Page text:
DETROIT (AP) — A teenager and two men were charged Tuesday in the brutal beating of a suburban Detroit man after he accidentally hit a child who stepped off the curb into the path of his truck.
Police, meanwhile, credited a nurse with saving the life of driver Steve Utash by stepping between him and the half-dozen or more men who punched and kicked him after the April 2 accident on the northeast side of Detroit.
The incident left the 54-year-old Utash, a tree-trimmer from Macomb County's Clinton Township, with severe head injuries. He is in a medically induced coma.
Bruce Wimbush Jr., 17, Wonzey Saffold, 30, and James Davis, 24, were arraigned Tuesday on charges of assault with intent to murder and assault with intent to commit great bodily harm. Wimbush and a 16-year-old boy were arrested Saturday.
Utash could have been killed if not for Deborah Hughes, a 56-year-old nurse who put herself between the mob and the downed man, according to Detroit police Sgt. Michael Woody.
"She is nothing less than a hero," Woody told The Associated Press. "She basically kneeled and laid down with this guy to get them to stop hitting him. She essentially saved this guy's life. They wouldn't have stopped."
Police Chief James Craig visited Hughes on Tuesday to thank her, Woody said. The AP left a voicemail Tuesday at Hughes' home.
Hughes told The Detroit News for a story Tuesday that she was watching from a window in her home when David Harris, 10, was hit by Utash's truck. She ran outside to tend to the boy and that's when the mob descended.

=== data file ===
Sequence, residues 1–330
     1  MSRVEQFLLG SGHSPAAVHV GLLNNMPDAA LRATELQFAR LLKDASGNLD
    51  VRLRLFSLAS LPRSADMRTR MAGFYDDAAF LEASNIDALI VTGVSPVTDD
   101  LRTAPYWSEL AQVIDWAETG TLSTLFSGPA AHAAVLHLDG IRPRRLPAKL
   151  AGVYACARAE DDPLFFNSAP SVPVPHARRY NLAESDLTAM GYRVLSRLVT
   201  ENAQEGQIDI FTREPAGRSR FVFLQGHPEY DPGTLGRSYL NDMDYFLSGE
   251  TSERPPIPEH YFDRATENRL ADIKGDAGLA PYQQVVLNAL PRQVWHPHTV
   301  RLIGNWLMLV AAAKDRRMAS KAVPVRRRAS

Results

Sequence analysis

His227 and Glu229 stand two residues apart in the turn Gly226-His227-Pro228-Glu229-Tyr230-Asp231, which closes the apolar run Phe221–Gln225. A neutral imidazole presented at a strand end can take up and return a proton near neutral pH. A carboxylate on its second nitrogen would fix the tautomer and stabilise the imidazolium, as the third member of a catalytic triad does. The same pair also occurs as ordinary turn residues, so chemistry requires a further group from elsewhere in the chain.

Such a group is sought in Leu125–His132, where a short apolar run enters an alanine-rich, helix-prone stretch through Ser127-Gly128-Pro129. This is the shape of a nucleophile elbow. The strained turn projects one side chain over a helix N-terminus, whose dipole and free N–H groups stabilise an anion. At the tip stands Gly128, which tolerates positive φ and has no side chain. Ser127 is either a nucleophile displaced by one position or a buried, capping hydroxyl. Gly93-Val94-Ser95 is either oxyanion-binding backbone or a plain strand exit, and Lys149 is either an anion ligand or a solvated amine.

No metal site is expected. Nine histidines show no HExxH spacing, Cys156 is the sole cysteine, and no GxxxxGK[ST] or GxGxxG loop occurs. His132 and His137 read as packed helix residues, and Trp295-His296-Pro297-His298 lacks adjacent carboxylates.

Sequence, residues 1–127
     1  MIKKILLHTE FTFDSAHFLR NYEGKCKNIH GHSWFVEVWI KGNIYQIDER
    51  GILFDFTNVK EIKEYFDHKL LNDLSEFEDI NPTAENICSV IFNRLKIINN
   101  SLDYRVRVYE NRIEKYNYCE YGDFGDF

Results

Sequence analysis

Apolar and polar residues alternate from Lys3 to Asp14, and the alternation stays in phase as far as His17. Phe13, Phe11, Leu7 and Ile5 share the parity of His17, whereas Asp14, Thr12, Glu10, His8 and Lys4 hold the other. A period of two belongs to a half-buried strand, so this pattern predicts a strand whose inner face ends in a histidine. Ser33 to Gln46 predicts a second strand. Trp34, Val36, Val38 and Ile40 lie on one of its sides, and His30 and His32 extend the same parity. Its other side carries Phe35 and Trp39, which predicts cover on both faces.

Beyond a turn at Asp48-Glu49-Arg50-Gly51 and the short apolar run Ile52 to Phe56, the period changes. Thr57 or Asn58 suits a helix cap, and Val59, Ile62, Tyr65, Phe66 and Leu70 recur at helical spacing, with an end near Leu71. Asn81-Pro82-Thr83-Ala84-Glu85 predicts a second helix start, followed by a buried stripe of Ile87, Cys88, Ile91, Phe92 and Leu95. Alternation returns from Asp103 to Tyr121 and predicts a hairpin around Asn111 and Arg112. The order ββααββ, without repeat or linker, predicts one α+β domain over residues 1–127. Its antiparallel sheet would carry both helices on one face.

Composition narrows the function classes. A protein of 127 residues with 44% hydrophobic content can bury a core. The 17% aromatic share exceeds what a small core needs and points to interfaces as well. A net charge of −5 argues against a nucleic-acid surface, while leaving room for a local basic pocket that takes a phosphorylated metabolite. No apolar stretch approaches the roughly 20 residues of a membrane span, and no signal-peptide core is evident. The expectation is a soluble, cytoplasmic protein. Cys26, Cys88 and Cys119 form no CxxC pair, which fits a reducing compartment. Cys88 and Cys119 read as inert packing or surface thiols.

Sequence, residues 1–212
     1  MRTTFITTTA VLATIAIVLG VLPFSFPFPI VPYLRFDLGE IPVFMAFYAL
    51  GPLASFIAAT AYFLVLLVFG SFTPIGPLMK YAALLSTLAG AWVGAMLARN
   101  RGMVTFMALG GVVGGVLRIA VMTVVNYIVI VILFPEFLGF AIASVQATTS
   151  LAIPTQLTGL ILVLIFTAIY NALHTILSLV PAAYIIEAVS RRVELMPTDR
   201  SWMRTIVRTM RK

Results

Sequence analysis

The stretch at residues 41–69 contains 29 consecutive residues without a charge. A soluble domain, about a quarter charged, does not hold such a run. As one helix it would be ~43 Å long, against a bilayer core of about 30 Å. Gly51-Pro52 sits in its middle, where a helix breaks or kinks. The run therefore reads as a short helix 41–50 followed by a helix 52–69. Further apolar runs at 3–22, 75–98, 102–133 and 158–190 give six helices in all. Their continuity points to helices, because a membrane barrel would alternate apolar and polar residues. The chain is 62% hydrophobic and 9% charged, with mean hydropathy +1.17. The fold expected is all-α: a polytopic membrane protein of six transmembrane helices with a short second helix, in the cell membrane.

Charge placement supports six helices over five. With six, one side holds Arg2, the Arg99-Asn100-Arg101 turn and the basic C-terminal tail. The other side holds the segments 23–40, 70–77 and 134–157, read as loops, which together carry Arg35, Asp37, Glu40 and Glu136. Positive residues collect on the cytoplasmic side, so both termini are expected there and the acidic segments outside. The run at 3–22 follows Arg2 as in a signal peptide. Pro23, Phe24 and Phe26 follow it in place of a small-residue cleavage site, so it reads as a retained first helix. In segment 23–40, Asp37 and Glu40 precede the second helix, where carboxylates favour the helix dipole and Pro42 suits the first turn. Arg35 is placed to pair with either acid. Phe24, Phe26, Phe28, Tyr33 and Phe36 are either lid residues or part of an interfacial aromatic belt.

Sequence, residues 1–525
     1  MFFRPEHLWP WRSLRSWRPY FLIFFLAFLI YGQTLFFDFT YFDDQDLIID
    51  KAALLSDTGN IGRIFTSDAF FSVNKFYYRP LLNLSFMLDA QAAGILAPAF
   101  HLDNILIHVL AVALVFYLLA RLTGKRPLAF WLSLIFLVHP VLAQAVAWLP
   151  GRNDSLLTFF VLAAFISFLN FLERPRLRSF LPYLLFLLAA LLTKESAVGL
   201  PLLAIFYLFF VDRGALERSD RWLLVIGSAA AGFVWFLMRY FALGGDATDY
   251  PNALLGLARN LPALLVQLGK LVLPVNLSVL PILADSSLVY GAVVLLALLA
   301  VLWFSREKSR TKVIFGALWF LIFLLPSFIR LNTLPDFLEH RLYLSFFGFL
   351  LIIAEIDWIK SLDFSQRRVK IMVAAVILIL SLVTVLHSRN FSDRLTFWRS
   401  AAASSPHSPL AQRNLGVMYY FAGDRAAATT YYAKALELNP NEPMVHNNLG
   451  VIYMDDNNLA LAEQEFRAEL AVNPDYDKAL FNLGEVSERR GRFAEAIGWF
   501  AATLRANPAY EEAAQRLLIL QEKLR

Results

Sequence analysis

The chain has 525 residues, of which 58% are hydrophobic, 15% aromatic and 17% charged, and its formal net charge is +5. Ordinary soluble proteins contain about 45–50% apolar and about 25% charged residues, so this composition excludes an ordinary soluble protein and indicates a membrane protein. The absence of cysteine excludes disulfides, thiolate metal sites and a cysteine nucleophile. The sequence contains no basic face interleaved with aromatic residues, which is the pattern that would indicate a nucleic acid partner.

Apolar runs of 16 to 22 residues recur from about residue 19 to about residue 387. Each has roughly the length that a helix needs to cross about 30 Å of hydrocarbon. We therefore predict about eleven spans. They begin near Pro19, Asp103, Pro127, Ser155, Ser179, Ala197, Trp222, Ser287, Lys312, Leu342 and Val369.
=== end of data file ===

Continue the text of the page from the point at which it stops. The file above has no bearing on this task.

"(Utash) was screaming, and they were beating him, and kicking him," Hughes told the newspaper. "I said, 'Please don't hit him anymore,' and they backed up. Everybody cleared the way and gave me room to work on him."
David Harris was treated for leg and other injuries.
Not-guilty pleas were entered Tuesday for Wimbush, Saffold and Davis during video arraignments in 36th District Court. Magistrate Millicent Sherman set bond at $500,000 for each of them.
The 16-year-old was being held in the county's juvenile detention center but has not been charged, according to the Wayne County prosecutor's office. He faces a hearing Saturday.
Requesting a low bond for Wimbush, defense attorney Randall Upshaw told the court the teen had a minor role in the attack and pointed out that he has never given his parents any problems.
A couple who identified themselves as Wimbush's parents declined to comment.
Investigators were trying to determine if the attack was racially motivated. Utash is white. Members of the mob are black.
Detroit is more than 80 percent black. The city and its mostly white suburbs have had a long history of racial strife.
"I have full confidence that the Detroit Police Department and Wayne County prosecutor's office will conduct a comprehensive investigation to resolve this deeply troubling case and determine whether state or federal hate crime laws are implicated by the incident," longtime U.S. Rep. John Conyers said Monday in a statement.
A fundraising campaign on the gofundme.com webpage to pay for Utash's medical expenses had raised nearly $135,000 by Tuesday. A goal of $50,000 had been set.